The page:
European Commission approves state aid for Lynemouth conversion

By Erin Voegele | December 02, 2015

The European Commission has announced that U.K. support for the conversion of the Lynemouth power station from coal to biomass complies with EU state aid rules. The U.K. informed the EC of plans to support the conversion project in Dec. 2014.

The Lynemouth conversion is one of eight renewable energy projects selected for the first contracts under the U.K.’s electric market reforms. In 2013, the U.K. Department of Climate Changed announced that the government had sent out draft investment contracts to a total of 16 renewable energy projects that had progressed to the next stage of the final investment decision (FID) enabling for renewables process. In mid-December 2013, DECC announced that only 10 of those projects had been found to be provisionally affordable under the budget caps released earlier that month. The list of projects was later reduced to eight. Those projects, including the 299 MW biomass-fired Teesside project, a Drax biomass unit conversion, and the Lynemouth Power biomass conversion signed contracts in June 2014, along with five off-shore wind projects.

In February, the EC announced it was opening an in-depth investigation to assess whether the U.K.’s plans to support the biomass conversion of the coal-fired Lynemouth power plant are in line with European Union state aid rules. According to information released by the EC at that time, the investigation aimed to ensure public funds used to support the project are limited to what is necessary and do not result in overcompensation. The investigation was also to assess whether the positive effects of the conversion in achieving EU energy and environmental objectives outweigh potential competition distortions in the market for biomass.

In a statement issued Dec. 1, the EC said that in light of the comments received from interested third parties as well as detailed technical information submitted by the U.K., the commission is now satisfied that the submitted parameters are robust and present no risk of overcompensation. The commission also indicated its investigation did not find any evidence of market distortion in the global wood pellets market and noted it is satisfied that the measures will not lead to undue distortions of competition in the market for other wood-based products.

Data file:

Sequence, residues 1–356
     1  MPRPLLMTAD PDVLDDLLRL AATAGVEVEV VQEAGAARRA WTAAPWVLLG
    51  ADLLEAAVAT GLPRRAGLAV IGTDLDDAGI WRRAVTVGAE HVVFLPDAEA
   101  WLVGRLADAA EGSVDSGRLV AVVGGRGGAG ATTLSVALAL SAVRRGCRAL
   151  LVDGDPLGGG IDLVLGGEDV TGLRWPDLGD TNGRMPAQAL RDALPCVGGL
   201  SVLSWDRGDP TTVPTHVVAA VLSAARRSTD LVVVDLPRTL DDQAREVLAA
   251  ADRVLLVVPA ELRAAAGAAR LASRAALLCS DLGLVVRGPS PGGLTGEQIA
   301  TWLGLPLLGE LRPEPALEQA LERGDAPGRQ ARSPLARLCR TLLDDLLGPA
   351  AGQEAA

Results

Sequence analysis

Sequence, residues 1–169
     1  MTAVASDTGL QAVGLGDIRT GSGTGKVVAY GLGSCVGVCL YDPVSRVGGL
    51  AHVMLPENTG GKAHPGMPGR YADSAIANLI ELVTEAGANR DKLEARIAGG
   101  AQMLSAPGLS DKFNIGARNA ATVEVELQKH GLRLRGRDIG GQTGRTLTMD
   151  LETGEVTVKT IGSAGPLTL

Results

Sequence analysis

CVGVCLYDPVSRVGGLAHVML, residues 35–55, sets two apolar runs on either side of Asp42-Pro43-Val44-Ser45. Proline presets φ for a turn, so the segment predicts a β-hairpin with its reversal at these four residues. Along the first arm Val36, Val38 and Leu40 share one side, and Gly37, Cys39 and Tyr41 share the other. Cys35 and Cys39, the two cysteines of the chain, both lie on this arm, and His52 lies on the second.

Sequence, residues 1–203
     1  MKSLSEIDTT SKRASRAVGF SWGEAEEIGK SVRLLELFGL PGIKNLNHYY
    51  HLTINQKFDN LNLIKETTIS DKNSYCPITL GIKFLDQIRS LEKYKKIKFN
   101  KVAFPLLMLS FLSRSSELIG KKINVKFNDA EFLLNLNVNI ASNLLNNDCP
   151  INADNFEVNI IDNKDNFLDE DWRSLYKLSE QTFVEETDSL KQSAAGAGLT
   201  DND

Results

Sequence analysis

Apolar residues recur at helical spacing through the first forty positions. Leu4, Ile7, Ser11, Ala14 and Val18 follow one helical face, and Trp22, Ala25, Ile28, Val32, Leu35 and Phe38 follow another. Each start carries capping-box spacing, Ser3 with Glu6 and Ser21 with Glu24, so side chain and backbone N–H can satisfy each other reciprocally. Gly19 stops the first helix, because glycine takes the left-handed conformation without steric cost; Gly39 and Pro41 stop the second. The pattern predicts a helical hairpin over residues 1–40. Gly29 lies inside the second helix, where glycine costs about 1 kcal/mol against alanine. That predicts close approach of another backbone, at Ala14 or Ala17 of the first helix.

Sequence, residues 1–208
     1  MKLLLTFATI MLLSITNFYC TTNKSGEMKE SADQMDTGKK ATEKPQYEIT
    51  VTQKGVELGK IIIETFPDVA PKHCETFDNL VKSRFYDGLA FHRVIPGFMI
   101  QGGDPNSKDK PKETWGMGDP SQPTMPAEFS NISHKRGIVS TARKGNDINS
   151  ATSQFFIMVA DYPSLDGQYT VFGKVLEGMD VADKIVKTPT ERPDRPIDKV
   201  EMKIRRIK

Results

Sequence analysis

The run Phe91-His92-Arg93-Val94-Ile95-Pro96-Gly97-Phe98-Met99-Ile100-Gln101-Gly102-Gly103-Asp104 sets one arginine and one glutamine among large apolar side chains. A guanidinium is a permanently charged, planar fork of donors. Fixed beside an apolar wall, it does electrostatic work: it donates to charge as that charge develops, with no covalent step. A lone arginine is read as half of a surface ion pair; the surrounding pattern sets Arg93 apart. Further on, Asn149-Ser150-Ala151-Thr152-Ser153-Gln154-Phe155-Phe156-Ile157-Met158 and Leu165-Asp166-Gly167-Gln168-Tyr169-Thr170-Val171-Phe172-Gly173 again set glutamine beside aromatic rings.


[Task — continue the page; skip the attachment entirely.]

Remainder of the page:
Once the conversion is complete, the Lynemouth facility will have the capacity to generate 420 MW of electricity from wood pellets. The U.K. government intends to support the project in the form of a premium paid on top of the market price of the electricity generated, known as a Contract for Difference. The project will receive aid until 2027 and, according to U.K. estimates, will generate about 2.3 TWh of low-carbon electricity per year. The plant is due to use approximately 1.5 million metric tons of wood pellets per year, mainly sourced from the U.S., Canada and Europe.

“This is fantastic news for the Lynemouth project and the stations 134 strong workforce,” said Vaun Campbell, managing director at Lynemouth Power Ltd. “As a full coal-to-biomass conversion, this project is a win-win for all involved. The North East region and the local economy also benefits as supply chains and other infrastructure are created.”

“Once operational the project generates 420MW, with 390MW export of low carbon electricity to the national grid, supporting the Government’s climate change targets,” Campbell continued.

“It has been a long journey with delays to the decision impacting the project but we can finally now move towards hopefully making an investment decision,” he said.

The European Commission has now approved state aid for seven of the eight renewable energy projects. In addition to Lynemouth project’s recent approval, the Teesside project was awarded approval Jan. 22, 2015. The five off-shore wind projects were granted European Commission approval in July 2014 as part larger announcement from the commission that indicated the U.K’s Contracts for Difference (CfD) subsidy program is in line with EU state aid rules. The Drax conversion project is still awaiting EC state aid approval.